Object #1016595 from MS-Papers-0032-0828

6 pages written 19 Jan 1852 by Susan Douglas McLean in Wellington to Sir Donald McLean

From: Inward family correspondence - Susan McLean (wife), Reference Number MS-Papers-0032-0828 (82 digitised items). The letters from Donald are written from Porirua Barracks, Otaki, Rangitikei, Waikanae, Wanganui and Taranaki. Susan's letters are addressed from Dalmuir Hill (her parent's home) and Wellington Terrace. Many letters are undated and were written prior to their marriage in Aug 1851. Includes correspondence between Susan McLean and her mother Susan Strang (2 letters, undated); one letter from Helen Anne Wilson to Mrs McLean, 30 August 1852

A transcription/translation of this document (by MD) appears below.

Download alow-resolution PDF or high-resolution PDF

Page 1 of 6. View high-resolution image

English (MD)

Wellington Terrace
January 19th [1852]


My dearest Donald

I was so delighted to receive this morning your letter from Waikanae as it set my mind at rest about my darling husband as I have felt so uneasy about him since I heard he had been so unwell. I wrote to you on Saturday by Mr McDonald but as he did not leave till yesterday I suppose you will not receive it before this evening.

I still continue to feel better and I am sure if I go somewhere with you for a change I will be as strong as I was before you went to Ahuriri.

Page 2 of 6. View high-resolution image

English (MD)

Poor Papa seems so dull for the last two days. I hope love for his sake you will be home by the end of the week and then when you are here we will perhaps be able to persuade him to leave that house altogether. I am sure he will always feel miserable when he is in it. I hope we will be able to persuade him for I really quite dread going back to live there. I get in low spirits whenever I go up. I feel as if I could do nothing but wander from room to room and I always at last sit down and cry. It is quite impossible I can ever be happy there every thing brings back her whom I have lost to my remembrance. If I cannot keep up my spirits in this house where we were so happy how can I be while I nursed my dear mother on

Page 3 of 6. View high-resolution image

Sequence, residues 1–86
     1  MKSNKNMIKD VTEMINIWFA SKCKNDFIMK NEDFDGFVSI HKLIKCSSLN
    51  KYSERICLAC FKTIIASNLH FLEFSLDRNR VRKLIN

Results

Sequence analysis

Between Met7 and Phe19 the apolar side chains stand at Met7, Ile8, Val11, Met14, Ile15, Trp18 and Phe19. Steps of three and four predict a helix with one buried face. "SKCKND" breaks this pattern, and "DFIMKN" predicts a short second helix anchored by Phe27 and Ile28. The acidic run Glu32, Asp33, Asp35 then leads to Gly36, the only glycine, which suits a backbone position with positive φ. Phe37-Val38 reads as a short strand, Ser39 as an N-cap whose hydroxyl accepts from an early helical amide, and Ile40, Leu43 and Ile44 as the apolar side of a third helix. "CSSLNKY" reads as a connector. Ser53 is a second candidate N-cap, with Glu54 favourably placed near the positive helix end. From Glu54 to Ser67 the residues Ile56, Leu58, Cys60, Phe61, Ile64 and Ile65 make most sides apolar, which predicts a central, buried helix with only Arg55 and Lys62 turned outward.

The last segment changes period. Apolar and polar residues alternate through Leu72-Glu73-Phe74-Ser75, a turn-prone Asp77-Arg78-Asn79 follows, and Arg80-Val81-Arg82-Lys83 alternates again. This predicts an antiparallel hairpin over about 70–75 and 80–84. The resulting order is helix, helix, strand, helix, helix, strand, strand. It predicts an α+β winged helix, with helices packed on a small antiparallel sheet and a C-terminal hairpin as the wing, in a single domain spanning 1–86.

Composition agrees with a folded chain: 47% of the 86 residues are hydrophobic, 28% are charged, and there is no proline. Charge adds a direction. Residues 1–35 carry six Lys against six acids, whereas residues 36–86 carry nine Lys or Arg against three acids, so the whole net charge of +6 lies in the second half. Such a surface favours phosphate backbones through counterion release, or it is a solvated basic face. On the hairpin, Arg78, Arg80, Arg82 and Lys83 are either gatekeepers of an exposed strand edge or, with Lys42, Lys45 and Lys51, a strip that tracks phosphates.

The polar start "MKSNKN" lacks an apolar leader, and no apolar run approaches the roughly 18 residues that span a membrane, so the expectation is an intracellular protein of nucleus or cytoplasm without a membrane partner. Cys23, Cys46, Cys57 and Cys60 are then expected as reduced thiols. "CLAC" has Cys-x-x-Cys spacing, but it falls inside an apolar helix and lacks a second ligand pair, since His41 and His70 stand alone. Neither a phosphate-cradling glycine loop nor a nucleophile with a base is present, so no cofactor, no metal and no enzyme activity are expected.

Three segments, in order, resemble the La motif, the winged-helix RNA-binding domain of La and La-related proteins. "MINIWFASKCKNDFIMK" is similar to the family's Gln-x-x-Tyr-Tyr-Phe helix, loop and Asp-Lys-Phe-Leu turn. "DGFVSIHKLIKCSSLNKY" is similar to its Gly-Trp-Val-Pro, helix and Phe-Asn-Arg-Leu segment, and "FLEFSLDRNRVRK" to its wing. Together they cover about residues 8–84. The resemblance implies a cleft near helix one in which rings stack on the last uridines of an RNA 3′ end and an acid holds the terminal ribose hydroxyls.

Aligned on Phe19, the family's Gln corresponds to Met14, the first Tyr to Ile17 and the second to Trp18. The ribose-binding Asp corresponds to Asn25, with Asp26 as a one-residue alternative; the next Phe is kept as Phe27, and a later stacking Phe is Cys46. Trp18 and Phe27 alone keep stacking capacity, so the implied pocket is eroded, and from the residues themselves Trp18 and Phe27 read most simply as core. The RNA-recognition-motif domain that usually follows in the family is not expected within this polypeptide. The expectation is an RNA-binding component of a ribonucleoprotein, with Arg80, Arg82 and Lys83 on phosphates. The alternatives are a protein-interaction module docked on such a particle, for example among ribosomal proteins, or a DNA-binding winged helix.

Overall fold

English (MD)

her deathbed without feeling miserable. Jessie also feels the same. She says she is sure she never will be well there. I told you that the doctor was going to speak to Papa and perhaps he will persuade him better than us. Is it not strange that I am not able to sleep at night yet last night I do not think I slept half an hour at a time. I was constantly getting up and wandering about the room. Jessie got so cross that she said she would tie me in bed tonight. I think it must be the heat of the weather. It has been much warmer since you left. I have not commenced bathing yet and I will not be able to do so till the end of the week but you must not scold for it was Mrs Kirton who would not allow me to go. I shall tell you the reason when I [crossed out] you come

Page 4 of 6. View high-resolution image

English (MD)

home. I am so cross darling and I intend to scold you when you come home for Mr Kirton has never sent back your shirt and handkerchief and I think he has gone. I shall not allow you to lend again and you must obey your little slave or she will never kiss you again. Papa laughed when he saw another letter this morning. I am sure he thinks we are very fond of each other. What made you date your letter from Waikanae the 27th when it was only the 16th. I hope you dated no other letters the same way. If you had not been married people might have said you were in love. I think however you are more so than you were before your marriage. Bye the bye Mr Pelhcut [sic] is to be married on Thursday. They are not going to take so long to think about it as we did but I think darling

Page 5 of 6. View high-resolution image

English (MD)

that we acted in a more wise manner by having a long courtship as it enabled us to know each other's temper and disposition before our marriage as well as we do now.

I must now my darling bid you good bye as I must go to my work and not sit writing love letters to my husband all day although I must say you deserve a long letter. You have been so good in writing to your little slave. God bless and keep you in safety my own dearest husband and believe me ever


Your own affectionate wife
Susan D McLean

Page 6 of 6. View high-resolution image

English (MD)


I shall expect you home on Friday or Saturday at the latest if the natives are troublesome. You must get cross with them and not allow them to detain you. You appear to me to have been away a month. Again I never heard such impudence to say that I am between 25 & 30. Won't I punish you for that when you come home. I am much too young for you.

[Note on transcription: Mr Pelhcut = Charles Pelichet]